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Not such as Europe breeds in her decay;

Such as she bred when fresh and young, When heavenly flame did animate her clay,

By future poets shall be sung.

Westward the course of empire takes its way;

The four first acts already past,
A fifth shall close the drama with the day;

Time's noblest offspring is the last.

235

A

S E R M 0 N,

PREACHED BEYORE THL

INCORPORATED SOCIETY

FOR THE

PROPAGATION OF THE GOSPEL

IN FOREIGN PARTS,

AT THEIR

ANNIVERSARY MEETING IN TIIE PARISH-CHURCH OF ST. MARY-LE-BOW,

ON FRIDAY, FEBRUARY 18, 1731.

л

SERMON, &c.

This is life eternal, that they may know thee the only true God, and

Jesus Christ whom thou hast sent.-John xvii. 3.

That human kind were not designed merely to sojourn a few days upon this earth : that a being of such excellence as the soul of man, so capable of a nobler life, and having such a high sense of things moral and intellectual, was not created in the sole view of being imprisoned in an earthly tabernacle, and partaking a few pains and pleasures which chequer this mortal life, without aspiring to any thing either above or beyond it, is a fundamental doctrine as well of natural religion as of the Christian. It comes at once recommended by the authority of philosophers and evangelists. And that there actually is in the mind of man a strong instinct and desire, an appetite and tendency, towards another and a better state, incomparably superior to the present, both in point of happiness and duration, is no more than every one's experience and inward feeling may inform him. The satiety and disrelish attending sensual enjoyments, the relish for things of a more pure and spiritual kind, the restless motion of the mind, from one terrene object or pursuit to another, and often a flight or endeavour above them all towards something unknown, and perfective of its nature, are so many signs and tokens of this better state, which in the style of the gospel is termed life eternal.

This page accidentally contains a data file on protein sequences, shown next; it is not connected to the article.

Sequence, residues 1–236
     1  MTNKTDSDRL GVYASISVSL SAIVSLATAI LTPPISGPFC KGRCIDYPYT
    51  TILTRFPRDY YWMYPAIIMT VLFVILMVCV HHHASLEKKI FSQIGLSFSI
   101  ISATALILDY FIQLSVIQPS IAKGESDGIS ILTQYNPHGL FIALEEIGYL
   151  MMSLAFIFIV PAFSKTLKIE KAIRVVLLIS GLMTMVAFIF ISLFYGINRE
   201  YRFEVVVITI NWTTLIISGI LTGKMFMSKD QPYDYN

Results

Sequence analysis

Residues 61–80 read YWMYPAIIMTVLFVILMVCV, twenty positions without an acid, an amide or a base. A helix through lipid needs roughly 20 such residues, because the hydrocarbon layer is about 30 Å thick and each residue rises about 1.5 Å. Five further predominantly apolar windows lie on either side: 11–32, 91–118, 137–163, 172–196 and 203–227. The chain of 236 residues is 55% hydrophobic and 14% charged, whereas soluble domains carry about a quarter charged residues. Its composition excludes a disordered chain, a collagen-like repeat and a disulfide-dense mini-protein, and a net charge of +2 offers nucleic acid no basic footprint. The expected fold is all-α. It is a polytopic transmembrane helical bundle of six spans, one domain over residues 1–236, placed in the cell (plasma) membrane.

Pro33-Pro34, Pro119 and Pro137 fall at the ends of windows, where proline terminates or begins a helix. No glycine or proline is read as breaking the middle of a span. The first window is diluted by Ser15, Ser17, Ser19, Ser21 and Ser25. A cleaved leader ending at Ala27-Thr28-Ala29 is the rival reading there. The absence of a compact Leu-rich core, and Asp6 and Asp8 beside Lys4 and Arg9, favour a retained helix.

And as this is the greatest good that can befal us,

a

the

very end of our being, and that alone which can crown and satisfy our wishes, and without which we shall be ever restless and uneasy; so every man, who knows and acts up to his true interest, must make it his principal care and study to obtain it: and in order to this, he must endeavour to live suitably to his calling, and of consequence endeavour to make others obtain it too. For how can a Christian shew himself worthy of his calling otherwise than by performing the duties of it? And what Christian duty is more essentially so than that of charity? And what object can be found upon earth more deserving our charity than the souls of men? Or how is it possible for the most beneficent spirit to do them better service, than by promoting their best and most lasting interest, that is, by putting them in the way that leads to eternal life.

What this eternal life was, or how to come at it, were points unknown to the heathen world. It must be owned, the wise men of old, who followed the light of nature, saw even by that light, that the soul of man was debased, and borne downwards, contrary to its natural bent, by carnal and terrene objects; and that, on the other hand, it was exalted, purged, and in some sort assimilated to the Deity, by the contemplation of truth and practice of virtue. Thus much in general they saw or surmised. But then about the way and means to know the one, or perform the other, they were much at a loss. They were not agreed concerning the true end of mankind; which, as they saw, was mistaken in the vulgar pursuits of men ; so they found it much more easy to confute the errors of others, than to ascertain the truth themselves. Hence so many divisions and disputes about a point which it most imported them to know, insomuch as it was to give the bias to human life, and govern the whole tenor of their actions and

, conduct.

But when life and immortality were brought to light

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